The Waste Reform Act significantly expands the EPA’s ability to regulate waste within South Australia by granting to the EPA additional powers where the EPA suspects that waste is, or will be, dealt with illegally.
Under the amended EP Act, the EPA:
Can apply to the Supreme Court for a warrant to track waste in a vehicle if the EPA suspects that waste is being dealt with illegally;
Grants expanded powers of authorised offices to enter certain premises and mark materials that are likely to be illegally dumped;
Can apply to the Supreme Court for a warrant to install surveillance cameras on a premises that the EPA suspects is dealing with waste illegally;
Can issue an environment protection order to the holder of an EPA licence in relation to waste that has been stockpiled and abandoned under the EPA licence even after the licensed activity has ceased;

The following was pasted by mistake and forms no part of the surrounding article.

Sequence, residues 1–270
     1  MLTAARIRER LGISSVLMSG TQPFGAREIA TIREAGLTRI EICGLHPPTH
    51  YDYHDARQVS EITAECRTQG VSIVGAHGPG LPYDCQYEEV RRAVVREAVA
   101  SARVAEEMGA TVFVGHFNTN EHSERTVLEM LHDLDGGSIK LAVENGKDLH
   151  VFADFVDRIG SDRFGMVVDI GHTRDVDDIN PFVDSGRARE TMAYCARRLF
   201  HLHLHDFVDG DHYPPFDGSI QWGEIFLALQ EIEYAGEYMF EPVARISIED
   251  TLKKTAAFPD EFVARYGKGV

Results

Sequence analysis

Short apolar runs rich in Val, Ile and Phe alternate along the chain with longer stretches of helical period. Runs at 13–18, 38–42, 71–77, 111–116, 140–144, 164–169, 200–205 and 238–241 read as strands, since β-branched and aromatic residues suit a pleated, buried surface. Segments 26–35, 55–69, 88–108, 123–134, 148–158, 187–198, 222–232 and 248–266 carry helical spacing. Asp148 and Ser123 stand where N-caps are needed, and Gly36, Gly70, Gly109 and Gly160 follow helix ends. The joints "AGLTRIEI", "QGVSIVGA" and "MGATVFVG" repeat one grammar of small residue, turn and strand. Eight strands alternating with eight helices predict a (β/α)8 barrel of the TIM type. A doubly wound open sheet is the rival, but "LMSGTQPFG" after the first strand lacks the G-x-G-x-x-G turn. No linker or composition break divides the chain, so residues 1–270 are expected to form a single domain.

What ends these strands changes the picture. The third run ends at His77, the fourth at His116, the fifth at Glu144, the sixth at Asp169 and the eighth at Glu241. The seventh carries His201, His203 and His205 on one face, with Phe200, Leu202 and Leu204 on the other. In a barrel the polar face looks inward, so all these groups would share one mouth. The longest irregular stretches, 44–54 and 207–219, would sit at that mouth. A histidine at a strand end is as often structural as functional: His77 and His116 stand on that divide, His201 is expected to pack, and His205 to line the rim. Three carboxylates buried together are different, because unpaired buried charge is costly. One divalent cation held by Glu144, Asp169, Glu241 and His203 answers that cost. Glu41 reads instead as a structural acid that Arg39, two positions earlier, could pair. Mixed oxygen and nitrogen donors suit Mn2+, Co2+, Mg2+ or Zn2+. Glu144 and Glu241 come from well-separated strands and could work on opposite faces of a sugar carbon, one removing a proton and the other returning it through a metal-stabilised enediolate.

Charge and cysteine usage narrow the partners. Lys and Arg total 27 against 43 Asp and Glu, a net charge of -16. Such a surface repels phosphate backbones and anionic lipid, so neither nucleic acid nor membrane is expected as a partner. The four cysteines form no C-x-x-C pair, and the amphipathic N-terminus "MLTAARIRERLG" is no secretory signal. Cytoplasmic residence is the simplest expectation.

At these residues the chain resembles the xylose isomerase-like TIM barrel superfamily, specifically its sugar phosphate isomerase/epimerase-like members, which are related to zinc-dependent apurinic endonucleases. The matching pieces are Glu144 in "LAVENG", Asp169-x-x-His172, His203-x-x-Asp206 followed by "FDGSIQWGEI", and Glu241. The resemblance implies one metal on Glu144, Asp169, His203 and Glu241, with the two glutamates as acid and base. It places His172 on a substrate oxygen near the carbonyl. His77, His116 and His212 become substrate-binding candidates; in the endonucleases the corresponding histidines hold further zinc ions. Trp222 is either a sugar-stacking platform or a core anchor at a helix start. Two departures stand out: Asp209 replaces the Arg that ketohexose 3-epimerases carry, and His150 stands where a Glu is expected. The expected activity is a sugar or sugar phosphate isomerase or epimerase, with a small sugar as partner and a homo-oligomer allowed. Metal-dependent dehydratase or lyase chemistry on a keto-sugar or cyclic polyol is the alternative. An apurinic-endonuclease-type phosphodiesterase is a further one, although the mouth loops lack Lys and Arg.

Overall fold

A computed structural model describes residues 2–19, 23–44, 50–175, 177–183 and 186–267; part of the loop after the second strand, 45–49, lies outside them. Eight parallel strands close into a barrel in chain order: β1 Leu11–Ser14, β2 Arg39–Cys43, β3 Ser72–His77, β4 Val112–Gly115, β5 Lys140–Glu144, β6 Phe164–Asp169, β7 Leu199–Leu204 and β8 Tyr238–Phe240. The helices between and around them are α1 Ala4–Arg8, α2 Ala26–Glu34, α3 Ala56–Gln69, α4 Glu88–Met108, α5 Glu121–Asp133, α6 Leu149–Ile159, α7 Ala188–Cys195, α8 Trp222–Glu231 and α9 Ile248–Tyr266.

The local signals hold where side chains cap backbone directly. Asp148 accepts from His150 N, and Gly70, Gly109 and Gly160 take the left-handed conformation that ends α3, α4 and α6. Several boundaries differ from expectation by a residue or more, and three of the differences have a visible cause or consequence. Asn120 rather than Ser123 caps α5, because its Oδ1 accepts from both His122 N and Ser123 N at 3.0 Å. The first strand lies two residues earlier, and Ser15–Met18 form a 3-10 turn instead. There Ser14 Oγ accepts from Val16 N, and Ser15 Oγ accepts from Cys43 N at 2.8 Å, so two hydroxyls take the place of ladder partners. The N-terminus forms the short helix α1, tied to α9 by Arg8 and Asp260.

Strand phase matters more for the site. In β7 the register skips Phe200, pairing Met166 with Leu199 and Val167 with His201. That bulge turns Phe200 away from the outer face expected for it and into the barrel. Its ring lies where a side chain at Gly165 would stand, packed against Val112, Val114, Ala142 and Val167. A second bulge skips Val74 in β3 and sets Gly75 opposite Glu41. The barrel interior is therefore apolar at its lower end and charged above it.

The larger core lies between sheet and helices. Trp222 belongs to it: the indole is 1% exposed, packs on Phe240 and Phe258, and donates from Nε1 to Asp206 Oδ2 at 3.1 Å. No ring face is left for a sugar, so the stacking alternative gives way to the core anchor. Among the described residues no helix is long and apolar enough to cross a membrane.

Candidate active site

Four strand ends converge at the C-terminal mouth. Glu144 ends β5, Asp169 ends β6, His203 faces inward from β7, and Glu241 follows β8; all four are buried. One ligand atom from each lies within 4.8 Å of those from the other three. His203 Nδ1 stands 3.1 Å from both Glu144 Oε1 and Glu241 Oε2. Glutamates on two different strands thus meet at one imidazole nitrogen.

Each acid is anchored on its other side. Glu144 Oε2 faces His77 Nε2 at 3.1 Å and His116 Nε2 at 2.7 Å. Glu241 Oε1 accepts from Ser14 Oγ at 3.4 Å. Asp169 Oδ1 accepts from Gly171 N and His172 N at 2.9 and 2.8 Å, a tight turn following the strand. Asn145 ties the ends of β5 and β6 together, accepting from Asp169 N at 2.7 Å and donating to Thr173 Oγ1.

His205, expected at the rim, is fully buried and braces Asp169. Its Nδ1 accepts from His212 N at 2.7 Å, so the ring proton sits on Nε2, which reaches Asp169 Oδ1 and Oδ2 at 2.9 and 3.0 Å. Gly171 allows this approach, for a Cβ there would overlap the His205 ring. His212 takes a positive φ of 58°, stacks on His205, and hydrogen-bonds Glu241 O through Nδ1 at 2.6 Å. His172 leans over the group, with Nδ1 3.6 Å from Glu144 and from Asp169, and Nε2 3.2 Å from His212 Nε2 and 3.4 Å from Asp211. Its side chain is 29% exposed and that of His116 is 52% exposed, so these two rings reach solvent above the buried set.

Can better regulate material flow and stockpiling through amendments to the objects of the EP Act and to impose stockpiling limits on EPA licences which can be amended at any time and as the EPA considers necessary;
Can require the holder of an environmental authorisation to provide financial assurance to protect against environmental, abandonment and distortion risks and if it considers there is a risk the stockpiling limit will be exceeded; and
Has more methods to deal with breaches of licence conditions, including the power to issue an expiation notice of $1,000 for a breach of licence condition and default penalties for breach of reporting deadline licence conditions.
The amendments came into operation on 28 November 2017.
If you would like more information about the Waste Reform Act and how it might affect you please contact the Environment, Planning and Sustainability team at Cowell Clarke.
Below is a list of our previous insights on waste reform: